A majority of private-equity firms inflate fees and expenses charged to companies in which they hold stakes, according to an internal review by the U.S. Securities and Exchange Commission, raising the prospect of a wave of sanctions by the agency.
More than half of about 400 private-equity firms that SEC staff have examined have charged unjustified fees and expenses without notifying investors, according to a person with knowledge of the SEC’s findings who asked not to be named because the results aren’t public. While some of the problems appear to have resulted from error, some may have been deliberate, the person said.
The SEC’s review of the $3.5 trillion private-equity industry began after the 2010 Dodd-Frank Act authorized greater oversight of money managers, putting many firms under the agency’s scrutiny for the first time. By December 2012, examiners had found that some advisors were miscalculating fees, improperly collecting money from companies in their portfolio and using the fund’s assets to cover their own expenses.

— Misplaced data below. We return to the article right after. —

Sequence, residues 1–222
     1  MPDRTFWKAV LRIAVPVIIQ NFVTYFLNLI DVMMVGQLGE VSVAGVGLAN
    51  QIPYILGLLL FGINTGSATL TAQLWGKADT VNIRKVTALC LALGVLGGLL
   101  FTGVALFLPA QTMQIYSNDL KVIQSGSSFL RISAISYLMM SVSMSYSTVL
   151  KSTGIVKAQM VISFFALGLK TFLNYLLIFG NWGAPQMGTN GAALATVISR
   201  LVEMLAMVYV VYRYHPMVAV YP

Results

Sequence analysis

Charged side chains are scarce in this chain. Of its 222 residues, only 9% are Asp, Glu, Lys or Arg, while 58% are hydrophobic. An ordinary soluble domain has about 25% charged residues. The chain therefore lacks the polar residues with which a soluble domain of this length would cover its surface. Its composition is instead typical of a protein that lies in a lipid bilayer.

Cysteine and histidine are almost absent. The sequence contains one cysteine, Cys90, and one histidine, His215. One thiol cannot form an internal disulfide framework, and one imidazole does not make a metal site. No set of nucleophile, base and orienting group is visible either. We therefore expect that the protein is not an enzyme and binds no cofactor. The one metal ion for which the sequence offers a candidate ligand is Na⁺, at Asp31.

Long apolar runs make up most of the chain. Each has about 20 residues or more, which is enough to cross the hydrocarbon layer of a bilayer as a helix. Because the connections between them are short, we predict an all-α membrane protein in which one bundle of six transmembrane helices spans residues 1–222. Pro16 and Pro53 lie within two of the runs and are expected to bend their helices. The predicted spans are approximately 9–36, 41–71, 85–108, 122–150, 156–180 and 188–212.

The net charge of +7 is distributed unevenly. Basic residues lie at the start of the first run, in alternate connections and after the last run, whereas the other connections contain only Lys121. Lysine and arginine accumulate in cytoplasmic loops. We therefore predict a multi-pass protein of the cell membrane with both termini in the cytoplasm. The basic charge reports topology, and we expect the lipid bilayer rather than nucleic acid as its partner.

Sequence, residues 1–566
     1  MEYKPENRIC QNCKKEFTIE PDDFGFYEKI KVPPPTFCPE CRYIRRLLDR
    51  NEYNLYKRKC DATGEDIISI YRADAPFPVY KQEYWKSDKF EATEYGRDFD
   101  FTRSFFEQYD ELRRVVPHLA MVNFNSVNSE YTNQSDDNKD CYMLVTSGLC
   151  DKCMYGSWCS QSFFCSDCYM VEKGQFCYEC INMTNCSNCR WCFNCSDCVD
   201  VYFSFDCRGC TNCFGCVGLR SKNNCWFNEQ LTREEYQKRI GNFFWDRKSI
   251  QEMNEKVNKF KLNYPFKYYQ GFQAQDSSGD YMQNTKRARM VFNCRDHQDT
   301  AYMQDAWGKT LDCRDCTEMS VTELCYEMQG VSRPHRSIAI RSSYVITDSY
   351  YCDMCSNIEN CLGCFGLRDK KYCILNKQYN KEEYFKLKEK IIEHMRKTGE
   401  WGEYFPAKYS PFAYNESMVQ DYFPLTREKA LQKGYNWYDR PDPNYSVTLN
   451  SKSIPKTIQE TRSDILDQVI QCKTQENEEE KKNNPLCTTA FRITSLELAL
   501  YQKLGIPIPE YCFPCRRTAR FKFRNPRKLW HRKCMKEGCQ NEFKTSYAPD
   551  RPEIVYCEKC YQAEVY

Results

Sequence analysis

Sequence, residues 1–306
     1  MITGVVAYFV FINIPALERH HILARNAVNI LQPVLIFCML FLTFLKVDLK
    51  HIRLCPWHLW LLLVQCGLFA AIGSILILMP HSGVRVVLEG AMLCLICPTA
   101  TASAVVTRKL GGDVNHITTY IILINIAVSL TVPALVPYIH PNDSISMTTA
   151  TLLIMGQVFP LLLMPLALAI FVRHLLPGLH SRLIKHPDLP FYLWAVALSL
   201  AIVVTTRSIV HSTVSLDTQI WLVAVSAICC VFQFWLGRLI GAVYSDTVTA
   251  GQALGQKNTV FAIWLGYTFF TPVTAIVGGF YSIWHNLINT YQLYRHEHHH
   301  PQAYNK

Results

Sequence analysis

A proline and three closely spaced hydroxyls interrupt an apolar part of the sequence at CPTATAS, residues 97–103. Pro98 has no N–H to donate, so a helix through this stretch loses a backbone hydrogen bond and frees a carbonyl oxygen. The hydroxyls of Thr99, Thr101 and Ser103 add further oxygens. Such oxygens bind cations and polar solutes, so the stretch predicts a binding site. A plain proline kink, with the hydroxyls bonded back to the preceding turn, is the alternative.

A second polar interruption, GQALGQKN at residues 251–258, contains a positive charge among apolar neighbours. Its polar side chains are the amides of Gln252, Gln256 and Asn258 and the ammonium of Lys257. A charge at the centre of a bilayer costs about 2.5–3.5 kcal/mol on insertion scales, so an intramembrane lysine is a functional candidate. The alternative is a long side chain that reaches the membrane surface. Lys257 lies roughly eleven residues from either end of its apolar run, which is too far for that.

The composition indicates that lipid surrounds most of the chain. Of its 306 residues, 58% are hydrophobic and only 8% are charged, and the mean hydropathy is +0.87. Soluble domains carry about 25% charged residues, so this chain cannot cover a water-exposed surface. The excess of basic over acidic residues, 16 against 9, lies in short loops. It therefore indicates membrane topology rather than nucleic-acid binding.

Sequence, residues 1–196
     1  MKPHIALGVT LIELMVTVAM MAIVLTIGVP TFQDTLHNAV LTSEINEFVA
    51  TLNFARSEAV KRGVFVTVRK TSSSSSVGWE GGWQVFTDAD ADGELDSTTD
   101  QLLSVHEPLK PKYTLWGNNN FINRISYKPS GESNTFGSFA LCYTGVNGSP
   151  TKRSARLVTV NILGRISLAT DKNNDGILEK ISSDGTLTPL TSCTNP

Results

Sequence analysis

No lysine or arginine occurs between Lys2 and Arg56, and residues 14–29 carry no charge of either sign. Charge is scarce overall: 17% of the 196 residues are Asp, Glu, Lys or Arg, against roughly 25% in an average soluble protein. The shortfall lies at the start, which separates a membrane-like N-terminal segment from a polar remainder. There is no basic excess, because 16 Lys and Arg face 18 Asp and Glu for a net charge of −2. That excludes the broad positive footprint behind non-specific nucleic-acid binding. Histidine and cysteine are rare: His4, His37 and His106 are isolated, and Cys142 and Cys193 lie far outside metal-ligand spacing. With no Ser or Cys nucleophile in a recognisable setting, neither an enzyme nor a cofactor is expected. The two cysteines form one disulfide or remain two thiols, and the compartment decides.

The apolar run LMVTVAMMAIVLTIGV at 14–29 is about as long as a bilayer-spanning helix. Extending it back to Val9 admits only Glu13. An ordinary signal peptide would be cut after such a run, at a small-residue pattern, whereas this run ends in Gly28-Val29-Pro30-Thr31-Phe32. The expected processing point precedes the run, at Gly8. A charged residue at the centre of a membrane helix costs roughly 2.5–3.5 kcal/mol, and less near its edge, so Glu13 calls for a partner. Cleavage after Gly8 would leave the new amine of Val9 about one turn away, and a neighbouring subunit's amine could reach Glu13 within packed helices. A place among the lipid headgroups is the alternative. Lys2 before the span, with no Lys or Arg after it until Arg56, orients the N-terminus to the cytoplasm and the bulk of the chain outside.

“A lot of the practices, in the eyes of the SEC, raise conflicts,” said Barry Barbash, co-head of the asset-management group at Willkie Farr & Gallagher LLP in Washington. “The SEC wants those conflicts aired out and wants certain practices ultimately changed, and I’m sure we’re going to see it.”
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John Nester, an SEC spokesman, declined to comment on the exams.
Private-equity firms buy companies using a combination of investor capital and debt, with the goal of selling them or taking them public for a profit. They typically charge annual management fees of 1.5% to 2% of committed funds and keep 15% to 20% of profit from investments, known as carried interest. Most buyout firms also charge fees to the companies they acquire to help cover costs related to the deals or restructuring, often sharing some of the proceeds with their investors.